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Autopsy confirms convicted Spanish banker committed suicide

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An autopsy on the body of the former head of Spanish bank Caja Madrid, who was sentenced to six years in prison for graft, confirms he committed suicide, officials said Thursday.

[MADRID] An autopsy on the body of the former head of Spanish bank Caja Madrid, who was sentenced to six years in prison for graft, confirms he committed suicide, officials said Thursday.

Miguel Blesa, one of the figureheads of Spain's financial crisis, was found dead on Wednesday with a gunshot wound to his chest at a private hunting estate in the southern province of Cordoba.

An autopsy was carried out on Thursday at a forensics institute in Cordoba as part of an investigation into his death.

The autopsy "confirms that his death was caused by a self-inflicted firearm wound," the regional government of Andalusia said in a statement.

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Blesa, 69, was chairman of Caja Madrid from 1996 to 2009, one year before it merged with six other troubled savings banks to create Bankia.

A court in February sentenced him to six years in prison for his role in a credit card scandal at the lenders.

Caja Madrid and later Bankia gave their board members and executives credit cards that were used without control.

The court ruled that the so-called "tarjetas black" or "black cards" were used to fund a 12 million euro (S$18.927 million) spending spree between 2003 and 2012.

Blesa was accused of setting up the scheme and was found guilty of having misappropriated 435,000 euros.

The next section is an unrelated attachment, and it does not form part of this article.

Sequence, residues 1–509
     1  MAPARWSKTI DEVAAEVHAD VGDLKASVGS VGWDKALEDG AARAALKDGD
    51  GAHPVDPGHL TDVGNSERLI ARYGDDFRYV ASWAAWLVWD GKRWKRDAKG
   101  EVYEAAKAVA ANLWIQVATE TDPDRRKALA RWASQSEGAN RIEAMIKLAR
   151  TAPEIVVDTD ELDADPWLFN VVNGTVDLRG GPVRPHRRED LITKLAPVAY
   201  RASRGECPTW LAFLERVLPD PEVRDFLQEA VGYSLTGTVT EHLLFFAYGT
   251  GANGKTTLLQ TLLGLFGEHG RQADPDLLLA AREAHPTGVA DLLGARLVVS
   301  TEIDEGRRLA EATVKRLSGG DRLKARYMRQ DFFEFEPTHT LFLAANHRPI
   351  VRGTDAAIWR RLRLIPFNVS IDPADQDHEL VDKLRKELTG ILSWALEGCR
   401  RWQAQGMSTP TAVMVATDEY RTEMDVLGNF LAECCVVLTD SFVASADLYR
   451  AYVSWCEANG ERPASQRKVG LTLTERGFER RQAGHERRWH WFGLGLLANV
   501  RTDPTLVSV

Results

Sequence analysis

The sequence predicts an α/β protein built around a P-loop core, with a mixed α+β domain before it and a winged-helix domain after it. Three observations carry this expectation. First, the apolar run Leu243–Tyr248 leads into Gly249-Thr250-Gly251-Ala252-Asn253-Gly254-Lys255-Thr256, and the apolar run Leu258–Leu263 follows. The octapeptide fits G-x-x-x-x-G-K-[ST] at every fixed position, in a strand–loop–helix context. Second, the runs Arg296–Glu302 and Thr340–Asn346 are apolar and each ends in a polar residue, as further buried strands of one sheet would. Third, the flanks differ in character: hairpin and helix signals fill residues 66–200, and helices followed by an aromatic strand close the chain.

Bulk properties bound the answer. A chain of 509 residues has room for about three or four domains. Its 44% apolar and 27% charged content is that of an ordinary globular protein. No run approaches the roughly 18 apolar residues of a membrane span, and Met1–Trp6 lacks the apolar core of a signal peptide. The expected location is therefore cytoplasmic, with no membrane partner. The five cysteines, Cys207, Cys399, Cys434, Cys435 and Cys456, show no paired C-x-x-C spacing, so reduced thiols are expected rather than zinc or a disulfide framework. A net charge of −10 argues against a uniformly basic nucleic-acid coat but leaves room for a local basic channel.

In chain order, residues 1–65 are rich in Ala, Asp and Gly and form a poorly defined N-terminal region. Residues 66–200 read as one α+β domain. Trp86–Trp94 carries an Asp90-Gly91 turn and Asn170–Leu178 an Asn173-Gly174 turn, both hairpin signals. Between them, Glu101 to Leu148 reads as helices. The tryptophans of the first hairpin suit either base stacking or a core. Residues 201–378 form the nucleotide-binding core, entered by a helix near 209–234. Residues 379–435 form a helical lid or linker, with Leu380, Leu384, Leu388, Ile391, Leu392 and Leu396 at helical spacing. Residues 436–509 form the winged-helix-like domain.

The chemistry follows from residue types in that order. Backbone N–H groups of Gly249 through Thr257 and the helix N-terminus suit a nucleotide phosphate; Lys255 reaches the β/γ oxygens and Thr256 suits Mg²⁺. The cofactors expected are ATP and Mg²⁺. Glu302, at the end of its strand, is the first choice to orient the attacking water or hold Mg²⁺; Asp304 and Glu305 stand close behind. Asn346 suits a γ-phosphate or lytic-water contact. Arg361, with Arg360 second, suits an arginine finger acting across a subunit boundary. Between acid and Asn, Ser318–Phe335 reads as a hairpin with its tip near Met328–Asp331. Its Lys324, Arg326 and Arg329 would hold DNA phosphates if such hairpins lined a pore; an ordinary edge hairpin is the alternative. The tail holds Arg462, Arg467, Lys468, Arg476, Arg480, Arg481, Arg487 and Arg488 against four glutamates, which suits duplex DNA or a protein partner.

In total 65 former staff were convicted of misappropriation of funds.

Among those who were convicted was former International Monetary Fund head Rodrigo Rato, who chaired Bankia between 2010 and 2012. He was sentenced to four-and-a-half years in prison.

Both Blesa and Rato appealed the ruling.

The government was forced to partly nationalise Bankia in 2012, prompting Spain to turn to its eurozone partners for tens of millions of euros of emergency aid to rescue the financial sector.

Just before his body was found, Blesa was having breakfast with friends at the estate in Cordoba and left the table saying he had to move his car, according to Spanish media reports.

He asked his friends if they had his wife's phone number in case they needed to reach her, according to the reports which cited witnesses and unnamed sources close to the investigation into Blesa's death.

Blesa in 2013 became the first prominent banker to go behind bars since the start of Spain's financial crisis.

He was jailed as part of a probe into Caja Madrid's purchase in 2008 at an inflated price of the City National Bank of Florida, but was released a few days alter after that case was dropped.

AFP

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